“You must never be satisfied with losing. You must get angry, terribly angry, about losing. But the mark of the good loser is that he takes his anger out on himself and not his victorious opponents or on his teammates.” — Dick Nixon
“I wouldn’t give a hoot in Hell for any man who lost, and laughed.” — George Patton
I write about sports in the City of Champions during a period of dynastic success the likes of which haven’t been seen on this Earth since the Mongols swept through the Eurasian brackets in the 13th century. So therefore, it’s probably hard to believe this, but I know a thing or two about losing.
I mean no one — not even in Boston — wins all the time. With the exceptions of Rocky Marciano, UConn women’s basketball and Hulk Hogan, everybody loses sometimes.
As a lifelong fan of Boston sports, I’ve seen losing done in every conceivable way. I’ve witnessed enough kick-in-the-groin, history-changing losses for countless Dan Shaughnessy columns to write themselves. (And judging by how they came out, many have.) I’ve watched two different Bruins teams decades apart blow two different Game 7s with too-many-men-on-the-ice penalties, a mental error that can be prevented with the ability to count to six. I’ve seen soul-destroying losses at the hands of Buckys, Mookies, Magics, Boonies and Plaxicos … more funny namers than you’ll see on an entire season of MTV’s “Teen Mom.”
And yes, while this will come as a shock to those of you who think a sports columnist's life is all success, fame, riches and bra clasps coming undone with a snap of the fingers, in my athletic career I too have tasted failure. I’ve had my fill … my share of losing. I’ve been on a freshman football team that lost every game. Last-place CYO basketball teams. I’ve been in enough bad foursomes at Florida scramble tournaments to win a Tiger Woods trophy case worth of Horse’s Ass trophies. In Weymouth Farm League, I played third base and I wanted to be thought of as the Human Vacuum, like the greatest that ever played: Brooks Robinson. And I was. Except they called Brooks that because he picked everything up. And they called me the Human Vacuum because … well, because I sucked.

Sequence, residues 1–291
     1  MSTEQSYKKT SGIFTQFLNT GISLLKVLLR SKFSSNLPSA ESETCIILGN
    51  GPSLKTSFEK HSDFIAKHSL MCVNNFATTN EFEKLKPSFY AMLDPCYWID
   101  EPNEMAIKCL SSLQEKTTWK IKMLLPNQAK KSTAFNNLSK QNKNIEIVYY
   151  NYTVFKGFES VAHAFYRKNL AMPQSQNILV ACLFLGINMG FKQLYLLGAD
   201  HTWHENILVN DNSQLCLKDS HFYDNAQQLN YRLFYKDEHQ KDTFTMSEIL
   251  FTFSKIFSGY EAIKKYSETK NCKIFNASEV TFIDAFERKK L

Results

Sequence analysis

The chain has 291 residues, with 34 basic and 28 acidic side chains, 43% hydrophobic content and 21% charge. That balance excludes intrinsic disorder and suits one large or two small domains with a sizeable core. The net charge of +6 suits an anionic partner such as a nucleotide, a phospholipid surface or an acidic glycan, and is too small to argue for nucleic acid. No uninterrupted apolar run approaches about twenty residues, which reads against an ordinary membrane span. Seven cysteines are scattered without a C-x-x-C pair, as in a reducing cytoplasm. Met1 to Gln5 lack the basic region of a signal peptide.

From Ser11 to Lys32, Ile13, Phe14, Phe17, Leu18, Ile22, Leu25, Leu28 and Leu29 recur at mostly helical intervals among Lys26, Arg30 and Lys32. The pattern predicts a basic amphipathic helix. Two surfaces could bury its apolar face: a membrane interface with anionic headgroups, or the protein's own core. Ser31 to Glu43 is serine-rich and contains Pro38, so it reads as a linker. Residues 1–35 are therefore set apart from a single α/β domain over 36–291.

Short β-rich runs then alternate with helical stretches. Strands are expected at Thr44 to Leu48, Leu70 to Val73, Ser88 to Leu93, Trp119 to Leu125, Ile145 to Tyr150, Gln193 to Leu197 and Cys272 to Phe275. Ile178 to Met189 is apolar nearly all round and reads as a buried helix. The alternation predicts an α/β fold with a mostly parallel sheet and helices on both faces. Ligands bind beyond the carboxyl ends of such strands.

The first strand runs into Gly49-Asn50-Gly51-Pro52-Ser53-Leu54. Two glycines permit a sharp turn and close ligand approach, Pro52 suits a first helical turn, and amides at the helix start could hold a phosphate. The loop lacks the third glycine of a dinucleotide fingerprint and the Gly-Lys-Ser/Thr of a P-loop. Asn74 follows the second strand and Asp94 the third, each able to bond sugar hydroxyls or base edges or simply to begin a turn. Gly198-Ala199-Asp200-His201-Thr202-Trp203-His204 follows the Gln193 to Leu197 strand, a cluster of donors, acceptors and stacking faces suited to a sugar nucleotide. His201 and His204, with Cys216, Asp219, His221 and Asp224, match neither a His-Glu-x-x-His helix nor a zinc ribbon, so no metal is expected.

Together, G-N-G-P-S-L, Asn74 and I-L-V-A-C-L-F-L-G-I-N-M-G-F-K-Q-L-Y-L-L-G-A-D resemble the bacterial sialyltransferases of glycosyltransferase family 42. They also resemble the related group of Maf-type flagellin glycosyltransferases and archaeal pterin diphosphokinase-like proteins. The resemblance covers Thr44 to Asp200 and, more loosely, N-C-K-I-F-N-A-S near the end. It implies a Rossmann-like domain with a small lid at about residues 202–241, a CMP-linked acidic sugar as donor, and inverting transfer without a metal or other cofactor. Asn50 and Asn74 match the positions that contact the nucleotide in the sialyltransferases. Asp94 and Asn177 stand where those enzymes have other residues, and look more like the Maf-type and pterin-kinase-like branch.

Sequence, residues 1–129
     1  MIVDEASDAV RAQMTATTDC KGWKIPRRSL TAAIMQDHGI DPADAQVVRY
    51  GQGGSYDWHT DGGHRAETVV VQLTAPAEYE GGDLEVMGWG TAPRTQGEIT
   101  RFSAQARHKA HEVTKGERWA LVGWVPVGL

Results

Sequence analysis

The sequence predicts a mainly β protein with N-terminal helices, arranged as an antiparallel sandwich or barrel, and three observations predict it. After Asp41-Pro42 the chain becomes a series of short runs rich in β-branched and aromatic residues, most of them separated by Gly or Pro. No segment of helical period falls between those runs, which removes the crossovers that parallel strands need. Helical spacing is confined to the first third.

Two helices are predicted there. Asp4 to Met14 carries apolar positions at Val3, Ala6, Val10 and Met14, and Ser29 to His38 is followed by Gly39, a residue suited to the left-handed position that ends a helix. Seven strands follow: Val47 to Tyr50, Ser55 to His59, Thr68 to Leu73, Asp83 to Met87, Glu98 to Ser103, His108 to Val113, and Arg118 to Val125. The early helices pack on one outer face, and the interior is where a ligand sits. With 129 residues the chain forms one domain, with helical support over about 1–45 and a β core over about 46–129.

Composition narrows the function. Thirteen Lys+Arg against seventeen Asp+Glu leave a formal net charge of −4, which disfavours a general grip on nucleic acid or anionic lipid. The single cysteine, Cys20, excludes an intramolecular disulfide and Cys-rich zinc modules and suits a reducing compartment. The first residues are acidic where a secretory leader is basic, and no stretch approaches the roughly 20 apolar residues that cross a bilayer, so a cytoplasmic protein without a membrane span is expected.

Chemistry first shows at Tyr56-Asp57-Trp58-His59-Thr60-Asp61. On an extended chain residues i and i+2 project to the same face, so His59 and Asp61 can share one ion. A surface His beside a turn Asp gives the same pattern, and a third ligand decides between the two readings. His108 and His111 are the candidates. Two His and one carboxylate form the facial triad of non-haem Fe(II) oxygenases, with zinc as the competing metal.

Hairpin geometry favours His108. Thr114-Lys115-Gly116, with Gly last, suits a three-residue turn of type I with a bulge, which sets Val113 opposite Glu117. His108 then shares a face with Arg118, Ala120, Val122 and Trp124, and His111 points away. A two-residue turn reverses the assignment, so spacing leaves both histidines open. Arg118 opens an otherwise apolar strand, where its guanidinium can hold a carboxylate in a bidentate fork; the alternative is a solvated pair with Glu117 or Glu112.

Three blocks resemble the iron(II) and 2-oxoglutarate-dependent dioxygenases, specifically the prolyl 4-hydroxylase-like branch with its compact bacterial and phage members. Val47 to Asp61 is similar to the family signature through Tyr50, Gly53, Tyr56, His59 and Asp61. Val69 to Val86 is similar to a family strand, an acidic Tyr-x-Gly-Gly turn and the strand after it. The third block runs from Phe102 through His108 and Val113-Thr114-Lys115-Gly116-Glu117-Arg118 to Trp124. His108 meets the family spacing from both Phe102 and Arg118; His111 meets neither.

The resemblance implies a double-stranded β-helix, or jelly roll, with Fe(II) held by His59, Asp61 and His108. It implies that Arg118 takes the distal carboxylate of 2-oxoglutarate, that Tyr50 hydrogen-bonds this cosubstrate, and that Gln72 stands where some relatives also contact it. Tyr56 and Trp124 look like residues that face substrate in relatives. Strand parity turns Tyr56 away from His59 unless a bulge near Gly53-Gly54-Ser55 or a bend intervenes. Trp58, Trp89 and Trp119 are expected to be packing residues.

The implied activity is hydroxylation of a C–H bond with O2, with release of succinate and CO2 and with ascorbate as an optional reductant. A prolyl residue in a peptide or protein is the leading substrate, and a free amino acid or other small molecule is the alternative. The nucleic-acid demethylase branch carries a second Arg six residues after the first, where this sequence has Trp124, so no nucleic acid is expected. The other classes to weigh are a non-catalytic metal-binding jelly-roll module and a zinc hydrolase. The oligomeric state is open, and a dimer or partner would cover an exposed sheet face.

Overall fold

The point is, while it’s painfully obvious I’m a winner in life, when it comes to sports, I’m well-versed in the art of losing.
And if there’s one thing I know for sure, it’s that nothing reveals the character of a man, a team or a fan base like how they deal with losing. It’s like a reverse peephole into the Kramer’s apartment of your soul. And the last week or so has provided us with a virtual Kellogg’s variety pack of different people handling the ol’ Agony of Defeat in different ways.
Example No. 1: LeBron James. After seven NBA seasons, one trip to the NBA finals and zero championships for King James, you would have thought he would’ve gotten good at this whole “handling defeat” thing. But apparently he’s still perfecting his craft. Last season, after losing in the Eastern Conference finals, he accepted the loss graciously. If by “graciously” you mean that right after the final buzzer he yelled “Hey, everybody! Look over there!!!” then ran the other way, crashed through an alarmed exit door, ran to his Cadillac Escalade and sped home while banjo getaway music played.
So after this year’s annual playoff exit, LeBron tried the opposite approach. Having lost a series in which he couldn’t have disappeared faster if he’d had a Harry Potter invisibility cloak or parquet-floor camouflage fatigues, James proceeded to hug every member of the C’s like he was Richard Dawson and a team of Playboy Playmates was playing the "Feud." Poor Tony Allen got the full brunt of King James affection, which may have even included a tongue in his ear. He looked traumatized the way you do when someone’s greyhound is sniffing at your crotch.
But it was in his postgame comments that the man called King pulled the robes back and showed us what he’s really all about. “I make no excuses,” he said. “I’m not using the elbow as an excuse. It limited me some.” Perfect. The old, “I’m not making excuses, but if you wouldn’t mind making them for me I’d appreciate it” excuse. And something for every general manager with the cap space to think about before deciding to offer him an Obamacare bill-sized contract in a couple of months.